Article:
Generally, it is best to price the home around its approximate worth to guarantee it moves off the market quickly. Everyone will appreciate it if the transaction is as straightforward as possible in this regard.
5. How much commission do you charge?
The average commission for a real estate broker in Ohio is 6%.
If you are open for negotiations, feel free to engage. If not, state your price and be firm about it. Keep in mind it’s not a commission you collect for simply standing around and letting the home sell itself. Your services have value and your time as well, and you deserve to be compensated fairly for it.
6. Do I need to provide permits for any additions I have made?
The answer to this question depends on the municipality in which the sale is taking place. Some require evidence of the permits in order to close, while others leave it to the buyer.
A seller should be aware that it is usually within the rights of the buyer to request these permits to indicate that the structures added are compliant and acceptable. It’s one of those things that may not matter at all during closing, but could jeopardize the sale if the buyer is asking to see permits and you are unable to produce them.
Tell the client to do themself a favor and dig up any permits from past work including deck installations, sheds, fences, and home additions. If they can’t, tell them to get on the phone with the contractors or the office where the permits were filed for so they can produce the documents in advance of the closing.
It would be foolish to let a deal die over something so simple.
7. Questions From Home Sellers – how do I respond to “low ball” offers?
As with the seller’s “overpricing” tactic, some buyers think they’re cheeky to offer well below asking and assume they’ll get the deal of a lifetime.
Discuss the floor for negotiations with your client and ask them to proceed based on this. If handled with appropriate business acumen and logic, it’s possible the low ball offer is a door to an actual offer and it still might lead to a sale.
Some offers, however, are insincere and wishful, and the would-be buyers have their own lessons to learn. Let them learn those lessons on their own time, not yours or your clients.
8. What happens if the appraised value is below the accepted offer price?
It’s an absolute wrench in the gears when the bank’s appraisal values the house lower than the accepted offer price. In fact, it’s enough for some buyers to get cold feet and start backing out.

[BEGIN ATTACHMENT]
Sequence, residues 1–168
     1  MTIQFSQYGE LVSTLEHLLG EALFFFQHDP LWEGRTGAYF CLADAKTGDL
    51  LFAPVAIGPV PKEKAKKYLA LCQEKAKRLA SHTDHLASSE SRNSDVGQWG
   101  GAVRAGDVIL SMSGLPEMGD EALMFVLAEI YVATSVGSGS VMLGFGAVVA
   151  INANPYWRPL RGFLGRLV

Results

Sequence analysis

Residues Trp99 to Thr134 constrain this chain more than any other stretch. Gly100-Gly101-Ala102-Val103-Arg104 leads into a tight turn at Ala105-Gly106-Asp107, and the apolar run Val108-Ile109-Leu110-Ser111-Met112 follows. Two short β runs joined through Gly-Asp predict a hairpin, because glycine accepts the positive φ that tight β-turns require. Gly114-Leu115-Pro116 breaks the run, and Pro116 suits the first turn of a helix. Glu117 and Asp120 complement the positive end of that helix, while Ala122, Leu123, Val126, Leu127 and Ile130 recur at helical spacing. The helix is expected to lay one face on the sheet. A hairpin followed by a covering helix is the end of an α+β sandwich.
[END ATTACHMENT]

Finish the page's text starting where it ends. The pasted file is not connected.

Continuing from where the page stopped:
When the appraisal is lower than the offer, one or more of the following things will happen next:
•The seller makes a concession.
•The buyer agrees to pay anyway.
•The deal is off.
•The appraisal is challenged.
Unfortunately for the seller, the most common route is the concession route. Buyers are generally unwilling to purchase a home for more than what the bank deems is reasonable, and challenged appraisal is rarely changed.
9. How do you plan on marketing my home?
In our modern day, it’s unlikely you’ll get the sale simply from throwing a “For Sale” sign in front of the property and hoping for the best. Sellers expected a targeted marketing campaign that gets their home in front of buyers to entice them to come for a showing and make an offer.
Most buyers look first online, so it’s crucial your campaign prioritizes an online presence. This will include visibility on your web site, a real estate blog, and utilizing other methods to keep your name and your properties at the top of the search engine results page.
The listing itself is equally crucial, as you’ll want professional photos that really illustrate the space in its best light, a description that paints a picture for potential buyers, and tidbits about the neighborhood that establish it as an excellent place to put down roots.
These things in combination will help promote and sell the house long before a buyer steps foot inside.
10. Questions From Home Sellers – will you hold open houses?
Some buyers like the idea of holding open houses so a wide net of buyers see the property in one fell swoop. This is especially useful if the buyer finds it difficult to vacate for each showing.
However, less than 5% of sales come from open houses, so it’s not entirely necessary. Open houses are still beneficial for a real estate agent, as it brings you into contact with other buyers that may be in need of your services, but it’s arguably not important for the seller.
Leave the decision to your client, and share your insight if asked. It’s not imperative to hold open houses, but it’s not necessarily a bad idea either.
Selling a home is not always an easy task, but it’s easier for your clients to find success on the market if they’re employing your invaluable services and guidance on each step of the process.
Never expect blind faith from your clients, however. It’s important to expect to be asked some of the most common questions regarding the process of selling and what a seller should expect, and it’s more important that your answers illustrate confidence and competency in your field.